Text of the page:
The popular explanation of this parable is that the mustard seed pictures the small beginnings of the church and its growth into a large tree pictures the spreading of the gospel throughout the whole earth. The expanded church would then provide sanctuary to all who would choose to lodge in it. This interpretation does not recognise that the ‘birds of the air’ do not represent anything good. Jesus explained in the parable of the soils that the birds of the air represent Satan and by extension the demons also (Matt 13:4,19). The parable of the mustard seed shows us that from the original small church [mustard seed] that Jesus [the man] established in the world [the field] there would occur a large outgrowth [mustard tree] that would provide a place for unclean spirits [birds of the air] to reside. This should not surprise us because the parable of the wheat and tares and the parable of the dragnet also illustrate the wicked element that would exist during the church age. At the end of the age the wicked shall be sifted from amongst the righteous and the righteous shall be gathered into God’s kingdom. With the adoption of Christianity as the official religion of the Roman Empire and the profusion of Christian denominations in our present age, Satan has certainly gained a foothold in the outgrowth of the seed that God originally planted. Just as Satan has sown his tares amongst the wheat, so too have the unclean spirits found a home within the apostate Christian churches. Wherever the gospel has been preached, the wicked who twist and pervert the Scriptures have been present also.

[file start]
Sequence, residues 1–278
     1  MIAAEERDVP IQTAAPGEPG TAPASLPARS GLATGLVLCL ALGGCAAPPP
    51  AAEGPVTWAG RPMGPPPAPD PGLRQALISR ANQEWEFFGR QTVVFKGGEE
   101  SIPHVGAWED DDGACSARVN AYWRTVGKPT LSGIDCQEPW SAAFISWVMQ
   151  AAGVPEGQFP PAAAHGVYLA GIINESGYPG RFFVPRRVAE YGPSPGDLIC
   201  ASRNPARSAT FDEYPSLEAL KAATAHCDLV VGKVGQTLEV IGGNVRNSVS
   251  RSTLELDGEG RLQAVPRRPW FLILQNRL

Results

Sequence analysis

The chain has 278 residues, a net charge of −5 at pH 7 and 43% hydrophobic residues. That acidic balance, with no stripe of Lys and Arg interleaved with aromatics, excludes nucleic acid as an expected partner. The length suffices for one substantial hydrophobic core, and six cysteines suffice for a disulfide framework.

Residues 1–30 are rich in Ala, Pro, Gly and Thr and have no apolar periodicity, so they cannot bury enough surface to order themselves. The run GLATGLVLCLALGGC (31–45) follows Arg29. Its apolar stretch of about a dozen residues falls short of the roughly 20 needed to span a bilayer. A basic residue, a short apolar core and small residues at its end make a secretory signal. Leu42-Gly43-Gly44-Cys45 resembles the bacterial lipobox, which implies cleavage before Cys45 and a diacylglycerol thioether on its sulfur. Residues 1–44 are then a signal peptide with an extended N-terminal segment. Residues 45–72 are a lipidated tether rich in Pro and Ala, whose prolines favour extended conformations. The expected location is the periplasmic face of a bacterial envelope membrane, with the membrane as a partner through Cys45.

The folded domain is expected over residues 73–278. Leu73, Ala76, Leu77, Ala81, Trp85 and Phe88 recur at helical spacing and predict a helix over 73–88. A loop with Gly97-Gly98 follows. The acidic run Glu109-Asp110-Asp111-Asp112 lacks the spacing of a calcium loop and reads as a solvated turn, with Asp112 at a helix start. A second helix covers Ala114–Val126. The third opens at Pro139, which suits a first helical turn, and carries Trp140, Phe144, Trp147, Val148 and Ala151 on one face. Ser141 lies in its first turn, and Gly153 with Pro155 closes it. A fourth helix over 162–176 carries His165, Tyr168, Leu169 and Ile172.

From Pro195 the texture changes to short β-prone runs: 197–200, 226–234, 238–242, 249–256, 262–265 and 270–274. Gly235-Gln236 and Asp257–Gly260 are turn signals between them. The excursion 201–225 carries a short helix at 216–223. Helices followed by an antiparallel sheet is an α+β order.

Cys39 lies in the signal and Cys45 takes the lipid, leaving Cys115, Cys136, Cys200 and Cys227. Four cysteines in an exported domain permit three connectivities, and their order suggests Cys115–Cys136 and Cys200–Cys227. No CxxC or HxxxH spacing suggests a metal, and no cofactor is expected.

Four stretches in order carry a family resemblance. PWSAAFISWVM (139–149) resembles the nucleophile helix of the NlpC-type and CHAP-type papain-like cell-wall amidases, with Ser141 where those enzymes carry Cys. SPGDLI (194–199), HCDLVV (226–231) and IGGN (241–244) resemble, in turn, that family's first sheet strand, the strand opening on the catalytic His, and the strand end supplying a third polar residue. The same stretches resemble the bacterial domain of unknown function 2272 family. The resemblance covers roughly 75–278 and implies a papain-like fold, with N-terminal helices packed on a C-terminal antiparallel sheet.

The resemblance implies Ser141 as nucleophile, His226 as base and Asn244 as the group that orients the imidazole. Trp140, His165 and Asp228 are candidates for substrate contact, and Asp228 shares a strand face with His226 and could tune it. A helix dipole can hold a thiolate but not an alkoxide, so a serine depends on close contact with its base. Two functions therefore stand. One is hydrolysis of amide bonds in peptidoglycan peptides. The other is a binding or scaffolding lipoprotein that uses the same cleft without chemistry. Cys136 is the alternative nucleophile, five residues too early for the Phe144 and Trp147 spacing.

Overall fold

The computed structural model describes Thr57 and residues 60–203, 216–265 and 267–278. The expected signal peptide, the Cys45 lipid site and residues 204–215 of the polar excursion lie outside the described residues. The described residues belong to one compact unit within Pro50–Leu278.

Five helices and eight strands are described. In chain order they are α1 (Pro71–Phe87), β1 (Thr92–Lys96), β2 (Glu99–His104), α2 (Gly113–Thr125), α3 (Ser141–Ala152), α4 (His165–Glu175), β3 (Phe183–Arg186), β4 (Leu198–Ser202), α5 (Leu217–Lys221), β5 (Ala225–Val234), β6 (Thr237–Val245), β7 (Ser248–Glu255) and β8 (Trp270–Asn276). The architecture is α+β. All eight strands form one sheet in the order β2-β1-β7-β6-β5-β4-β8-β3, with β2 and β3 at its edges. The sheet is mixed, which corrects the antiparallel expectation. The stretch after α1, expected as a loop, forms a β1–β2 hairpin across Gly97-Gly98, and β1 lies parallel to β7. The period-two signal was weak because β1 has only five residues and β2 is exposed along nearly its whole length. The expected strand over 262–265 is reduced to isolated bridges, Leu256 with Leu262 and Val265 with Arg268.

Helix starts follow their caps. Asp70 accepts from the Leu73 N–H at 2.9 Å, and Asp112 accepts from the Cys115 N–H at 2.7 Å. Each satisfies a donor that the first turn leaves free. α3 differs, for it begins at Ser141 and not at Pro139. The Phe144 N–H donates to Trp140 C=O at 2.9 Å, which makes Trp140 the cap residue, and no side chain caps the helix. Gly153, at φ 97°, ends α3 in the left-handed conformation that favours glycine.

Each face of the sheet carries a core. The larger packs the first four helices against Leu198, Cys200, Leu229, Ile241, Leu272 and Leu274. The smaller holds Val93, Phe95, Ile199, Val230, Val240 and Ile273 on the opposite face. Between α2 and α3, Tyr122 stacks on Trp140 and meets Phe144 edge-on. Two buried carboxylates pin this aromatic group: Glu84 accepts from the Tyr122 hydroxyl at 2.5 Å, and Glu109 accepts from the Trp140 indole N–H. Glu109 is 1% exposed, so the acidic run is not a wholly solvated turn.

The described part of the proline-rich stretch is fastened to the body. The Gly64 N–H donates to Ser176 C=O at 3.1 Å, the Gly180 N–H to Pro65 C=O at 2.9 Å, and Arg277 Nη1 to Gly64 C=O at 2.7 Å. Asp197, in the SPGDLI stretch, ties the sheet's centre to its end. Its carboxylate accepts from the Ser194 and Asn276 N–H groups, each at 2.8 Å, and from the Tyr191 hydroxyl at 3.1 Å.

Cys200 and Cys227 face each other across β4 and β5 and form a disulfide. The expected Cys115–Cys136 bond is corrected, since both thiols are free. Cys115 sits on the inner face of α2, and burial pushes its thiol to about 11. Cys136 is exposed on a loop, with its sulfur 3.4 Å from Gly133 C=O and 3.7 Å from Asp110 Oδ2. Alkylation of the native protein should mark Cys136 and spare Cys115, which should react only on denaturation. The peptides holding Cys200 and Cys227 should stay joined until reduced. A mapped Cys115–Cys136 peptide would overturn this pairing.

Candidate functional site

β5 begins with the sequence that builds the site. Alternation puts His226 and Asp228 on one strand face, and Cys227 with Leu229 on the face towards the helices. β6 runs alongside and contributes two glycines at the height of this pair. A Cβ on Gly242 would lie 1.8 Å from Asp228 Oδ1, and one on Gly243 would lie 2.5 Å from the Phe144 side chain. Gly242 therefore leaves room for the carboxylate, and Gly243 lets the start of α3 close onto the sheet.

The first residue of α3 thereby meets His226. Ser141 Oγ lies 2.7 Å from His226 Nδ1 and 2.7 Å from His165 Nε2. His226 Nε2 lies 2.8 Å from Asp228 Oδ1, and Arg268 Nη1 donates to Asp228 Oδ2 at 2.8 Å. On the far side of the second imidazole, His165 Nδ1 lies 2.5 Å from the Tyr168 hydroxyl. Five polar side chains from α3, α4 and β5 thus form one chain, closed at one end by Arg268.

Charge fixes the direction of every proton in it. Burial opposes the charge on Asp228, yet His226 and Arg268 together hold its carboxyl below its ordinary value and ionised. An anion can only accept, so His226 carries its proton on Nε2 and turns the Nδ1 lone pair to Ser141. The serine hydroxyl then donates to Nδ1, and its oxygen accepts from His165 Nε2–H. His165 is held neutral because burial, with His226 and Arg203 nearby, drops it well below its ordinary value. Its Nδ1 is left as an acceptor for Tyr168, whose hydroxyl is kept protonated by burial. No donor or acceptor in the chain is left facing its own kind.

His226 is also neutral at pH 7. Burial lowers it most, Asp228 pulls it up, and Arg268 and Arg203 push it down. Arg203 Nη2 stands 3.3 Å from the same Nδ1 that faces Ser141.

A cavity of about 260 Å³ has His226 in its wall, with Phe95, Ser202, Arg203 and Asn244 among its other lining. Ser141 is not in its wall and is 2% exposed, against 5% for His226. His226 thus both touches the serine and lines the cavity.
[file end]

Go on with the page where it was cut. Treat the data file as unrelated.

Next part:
The book of Revelation refers to the political and religious systems of this world as Babylon the great, which became the habitation of evil spirits. ‘And he cried mightily with a strong voice, saying, Babylon the great is fallen, is fallen, And is become the habitation of devils, And the hold of every foul spirit, And a cage of every unclean and hateful bird’ (Rev 18:2). Jesus may have also intended an allusion to the vision of Nebuchadnezzar, king of Babylon, in which he saw a tree that grew to be great and provided shelter for the beasts of the field and the birds of the air (Dan 4:20-22). All earthly systems of government will eventually experience the same fate of being destroyed to make way for the righteous rule of Jesus Christ.
Parable of the Leaven
Another parable spake he unto them; ‘The kingdom of heaven is like unto leaven, which a woman took, and hid in three measures of meal, till the whole was leavened.’ (Matthew 13:33)